Enterprise Software

Global help desk support: Can it work?

The answer to handling multiple support offices around the globe is clear, non-colloquial communication. It's not just the users who sometimes have a hard time understanding their technical support representative.

There is an alternative to running an in-house, 24-hour help desk, which was used to great effect by one of my previous employers. We had a head office in the town I lived in, but there were also offices in Seattle in the United States and a place called Wollongong in Australia.

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Our office's multiple locations meant that we covered the entire globe 24 hours a day by people working normal office hours, which was absolutely marvelous in theory, but in practice it revealed problems that weren't all related to time zones.

The problems weren't all with the equipment. Many were due to language barriers and the type of shorthand notes that people made on support tickets, which weren't always understood by the next person to look at the log.

One memorable misunderstanding arose from the simple fact that the best-known maker of clear adhesive tape in Australia shares a name with the best-known brand of condoms in the UK. Terminology in common usage in Seattle is sometimes meaningless in Bournemouth, and not forgetting the ever-popular misunderstanding between the meanings of "Fanny" in the United States and Britain.

The problem was always to try to use terminology that had the same meaning in all three locations, something that is harder than you might think. One of the most regular requests was to speak to "The Australian-sounding guy I spoke to earlier" -– the caller could not remember the person's name but how many Ozzies do you have in your office anyway? We didn't know our colleagues; all we had to go on was the name in the log, and we couldn't always even tell if they were male or female!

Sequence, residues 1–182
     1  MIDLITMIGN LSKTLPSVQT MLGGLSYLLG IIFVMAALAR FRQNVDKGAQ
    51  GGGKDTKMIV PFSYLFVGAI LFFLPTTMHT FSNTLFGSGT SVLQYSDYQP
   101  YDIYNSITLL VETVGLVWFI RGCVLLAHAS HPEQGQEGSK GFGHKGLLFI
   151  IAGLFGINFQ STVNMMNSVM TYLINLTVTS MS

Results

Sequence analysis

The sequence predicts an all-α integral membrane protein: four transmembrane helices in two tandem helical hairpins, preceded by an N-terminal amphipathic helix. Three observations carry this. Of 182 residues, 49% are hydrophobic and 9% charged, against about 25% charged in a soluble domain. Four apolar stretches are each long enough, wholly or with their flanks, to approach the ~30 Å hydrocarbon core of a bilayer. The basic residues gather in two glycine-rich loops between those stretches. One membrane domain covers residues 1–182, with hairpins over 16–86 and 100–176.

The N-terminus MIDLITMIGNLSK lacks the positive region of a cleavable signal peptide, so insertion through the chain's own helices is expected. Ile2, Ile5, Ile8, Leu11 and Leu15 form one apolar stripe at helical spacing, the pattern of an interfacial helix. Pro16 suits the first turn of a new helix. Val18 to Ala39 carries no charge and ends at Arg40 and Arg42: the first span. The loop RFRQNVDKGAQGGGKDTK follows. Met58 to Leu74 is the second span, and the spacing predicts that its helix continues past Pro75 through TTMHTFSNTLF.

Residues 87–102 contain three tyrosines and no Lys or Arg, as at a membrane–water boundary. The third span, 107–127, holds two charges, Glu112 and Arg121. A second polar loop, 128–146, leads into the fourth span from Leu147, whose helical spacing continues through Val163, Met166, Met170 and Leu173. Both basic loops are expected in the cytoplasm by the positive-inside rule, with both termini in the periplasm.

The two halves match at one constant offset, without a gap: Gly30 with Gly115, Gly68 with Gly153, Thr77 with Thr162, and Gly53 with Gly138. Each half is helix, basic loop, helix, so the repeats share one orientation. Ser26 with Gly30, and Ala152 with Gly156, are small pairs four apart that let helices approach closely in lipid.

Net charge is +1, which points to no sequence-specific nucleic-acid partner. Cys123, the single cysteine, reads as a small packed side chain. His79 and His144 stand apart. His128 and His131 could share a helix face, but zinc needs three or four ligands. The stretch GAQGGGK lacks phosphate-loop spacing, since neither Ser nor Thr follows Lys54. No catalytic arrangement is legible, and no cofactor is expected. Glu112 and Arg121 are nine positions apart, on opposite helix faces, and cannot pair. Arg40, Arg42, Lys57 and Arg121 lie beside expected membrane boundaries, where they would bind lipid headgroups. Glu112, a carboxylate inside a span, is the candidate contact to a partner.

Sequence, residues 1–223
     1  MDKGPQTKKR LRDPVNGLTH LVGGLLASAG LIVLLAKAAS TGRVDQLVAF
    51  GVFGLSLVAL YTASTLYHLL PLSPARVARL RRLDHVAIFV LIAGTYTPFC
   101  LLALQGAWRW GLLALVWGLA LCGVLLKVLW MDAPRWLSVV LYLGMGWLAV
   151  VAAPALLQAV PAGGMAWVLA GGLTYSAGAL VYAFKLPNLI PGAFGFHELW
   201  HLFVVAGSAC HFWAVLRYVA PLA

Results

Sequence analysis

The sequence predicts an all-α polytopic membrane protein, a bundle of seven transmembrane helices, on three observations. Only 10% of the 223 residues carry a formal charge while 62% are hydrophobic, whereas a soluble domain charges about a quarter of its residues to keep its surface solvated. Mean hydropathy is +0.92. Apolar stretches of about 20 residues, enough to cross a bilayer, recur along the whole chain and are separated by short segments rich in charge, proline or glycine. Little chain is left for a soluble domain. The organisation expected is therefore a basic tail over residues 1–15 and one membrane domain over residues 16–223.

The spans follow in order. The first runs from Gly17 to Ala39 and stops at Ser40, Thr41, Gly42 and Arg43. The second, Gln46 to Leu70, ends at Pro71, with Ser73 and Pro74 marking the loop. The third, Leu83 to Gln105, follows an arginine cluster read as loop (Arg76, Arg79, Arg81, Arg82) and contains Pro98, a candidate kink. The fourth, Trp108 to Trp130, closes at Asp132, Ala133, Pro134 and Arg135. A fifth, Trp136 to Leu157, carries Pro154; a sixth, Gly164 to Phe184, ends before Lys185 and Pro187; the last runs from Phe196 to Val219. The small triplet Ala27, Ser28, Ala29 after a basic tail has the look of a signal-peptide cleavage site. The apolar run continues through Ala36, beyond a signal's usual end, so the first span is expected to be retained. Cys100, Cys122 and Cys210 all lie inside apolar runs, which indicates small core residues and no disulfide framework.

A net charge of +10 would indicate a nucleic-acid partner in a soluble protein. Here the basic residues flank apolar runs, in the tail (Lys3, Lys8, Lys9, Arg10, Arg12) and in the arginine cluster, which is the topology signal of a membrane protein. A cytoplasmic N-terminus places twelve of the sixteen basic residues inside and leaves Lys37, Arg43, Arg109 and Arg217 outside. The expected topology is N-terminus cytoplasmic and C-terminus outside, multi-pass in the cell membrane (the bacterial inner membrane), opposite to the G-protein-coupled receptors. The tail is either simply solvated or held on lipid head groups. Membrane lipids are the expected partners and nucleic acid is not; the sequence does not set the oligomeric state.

The answer to this was very careful and noncolloquial note taking. We resolved the vast majority of queries on the first call; those that took more detailed work needed to be logged carefully, taking screen shots and file samples as necessary.

Sometimes we were asked questions that the other offices were able to deal with easily, such as, "Are there any good Polish restaurants in Seattle?"

Now, with the best will in the world and only Google for guidance I did not find myself able to comment. I could read information from a Web site, but as for a personal recommendation, I was as much in the dark as they were.

I realized that regular callers to our support line were accustomed to calling at around the same time and being connected to the same center. In this world of highly mobile workforces nobody ever commented on the strange accents; go into any pub in Britain and you have more chance of being served by an Australian backpacker than by an English person. People calling from the deep south of the United States thought we were from Connecticut; those from the northern states thought we were German.

The way to make global support work well is to ensure that the communications are good. A handover call at the end of the shift is essential, so that the new team coming on stream gets a heads-up on the current crop of problems. A voice call feels better than an e-mail, as you get to make proper link with the other team and build a kind of rapport that is second only to actually meeting them. With the distances involved, this isn't a practical option.

What ideas do you have for making sure that remote colleagues don't get the wrong end of the stick?

Have you ever had a hilarious language misunderstanding? I'd love to hear about it.

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